via Peter Brinson:
Whoever plays such a speedrun knows the levels by heart it’s safe to say. A clear challenge in a game like this is that the frame doesn’t show you what’s a bit to the right until you’re close to it (danger). What’s nice about this piece is that it actualizes the expert player’s memorized map of these levels – laid out on a sidewalk. That effect would be lost if the player weren’t an ace at the game, I think. (USC IMD/Peter Brinson)
Notes on the project by creator Andreas Heikaus:
This video was part of my Bachelor thesis at the University of Applied science and art Hannover. The Super Mario Bros. game, released on the Nintendo Entertainment System, is not longer bound to the television size and get interactive with a new environment. The emphasis of my thesis is on the matchmoving work. It is the process of matching CG elements into live-action footage. (Vimeo)
“Last year, the futurologist Stuart Candy visited the department and showed us a wonderful diagram he used to clarify how we think about futures. Rather than one amorphous space of futureness it was divided into Probable, Preferable, Plausible and Possible futures. One of the most interesting zones was Preferable. Of course the very definition of preferable is problematic — who decides? But, although designers shouldn’t decide for everyone else, we can play a significant role in discovering what is and what isn’t desirable.”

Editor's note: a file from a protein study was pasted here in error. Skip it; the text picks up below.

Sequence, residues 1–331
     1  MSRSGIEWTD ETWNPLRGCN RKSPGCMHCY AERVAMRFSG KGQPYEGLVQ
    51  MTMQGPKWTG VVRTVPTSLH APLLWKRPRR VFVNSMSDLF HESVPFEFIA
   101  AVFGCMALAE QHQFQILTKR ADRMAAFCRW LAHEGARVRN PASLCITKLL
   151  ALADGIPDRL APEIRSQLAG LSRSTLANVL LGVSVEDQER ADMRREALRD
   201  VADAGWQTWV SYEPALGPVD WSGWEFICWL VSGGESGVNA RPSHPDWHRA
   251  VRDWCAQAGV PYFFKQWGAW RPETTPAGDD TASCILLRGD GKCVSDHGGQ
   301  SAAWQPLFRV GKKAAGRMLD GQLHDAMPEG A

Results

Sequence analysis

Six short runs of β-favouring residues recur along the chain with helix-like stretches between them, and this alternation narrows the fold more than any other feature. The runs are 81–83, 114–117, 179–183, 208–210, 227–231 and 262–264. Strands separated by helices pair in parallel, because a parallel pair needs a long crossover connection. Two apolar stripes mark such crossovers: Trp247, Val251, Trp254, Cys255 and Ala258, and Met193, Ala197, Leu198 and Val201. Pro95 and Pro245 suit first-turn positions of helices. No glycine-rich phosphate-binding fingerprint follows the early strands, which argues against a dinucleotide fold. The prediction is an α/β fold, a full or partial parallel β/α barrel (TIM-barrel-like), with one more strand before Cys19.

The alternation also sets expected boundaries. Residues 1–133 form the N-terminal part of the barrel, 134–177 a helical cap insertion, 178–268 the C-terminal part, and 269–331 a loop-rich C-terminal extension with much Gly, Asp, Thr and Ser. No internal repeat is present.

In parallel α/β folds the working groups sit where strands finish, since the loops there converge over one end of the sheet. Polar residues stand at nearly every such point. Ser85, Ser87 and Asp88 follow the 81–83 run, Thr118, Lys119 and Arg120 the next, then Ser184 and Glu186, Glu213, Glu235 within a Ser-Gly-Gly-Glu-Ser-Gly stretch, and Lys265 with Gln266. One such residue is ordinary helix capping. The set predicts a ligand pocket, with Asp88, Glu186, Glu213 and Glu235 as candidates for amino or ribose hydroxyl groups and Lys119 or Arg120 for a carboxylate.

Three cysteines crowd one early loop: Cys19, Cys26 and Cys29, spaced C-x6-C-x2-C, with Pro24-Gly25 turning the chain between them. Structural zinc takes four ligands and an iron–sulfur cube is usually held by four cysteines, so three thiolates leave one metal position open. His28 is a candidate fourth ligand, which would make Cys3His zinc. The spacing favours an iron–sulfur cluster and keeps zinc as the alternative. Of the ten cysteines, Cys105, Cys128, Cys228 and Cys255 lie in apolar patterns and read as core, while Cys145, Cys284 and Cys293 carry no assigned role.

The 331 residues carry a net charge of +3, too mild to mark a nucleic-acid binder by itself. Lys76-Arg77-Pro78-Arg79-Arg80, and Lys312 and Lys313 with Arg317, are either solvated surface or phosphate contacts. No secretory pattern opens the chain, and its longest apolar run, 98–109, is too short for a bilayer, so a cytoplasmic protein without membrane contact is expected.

– Design Interactions→Introduction
ARGFest 2010 is just around the corner, and I’m lucky enough to attending as a panelist. I’ll be taking part in a discussion with Anne Dennington, Carl DiSalvo, and Sara Thacher titled, “TransGenre: City Gaming & Public Art.” Here’s the description, written by panel organizer Peggy Weil (see schedule here):
ARGs are not only transmedia, they are TransGenre. Games in general, and city games in particular, have “crossed over” from the cult/gamer and commercial/marketing sectors as celebrated innovations in public art. International art festivals from the Venice Biennale to San Jose’s ZeroOne are commissioning game designers to create site-specific artworks transforming the urban landscape into urban gamescape.
While urban game designers are tech-savvy and urban gamers find themselves in virtual and augmented realities – required to take full advantage of mobile/social networks – games as public art have theatrical roots, particularly in street theater, improv, performance art, club culture and literature.
This panel will address the intersection of city gaming as public art identifying both precedents and opportunities for game designers to create work for public spaces. (ARGFest)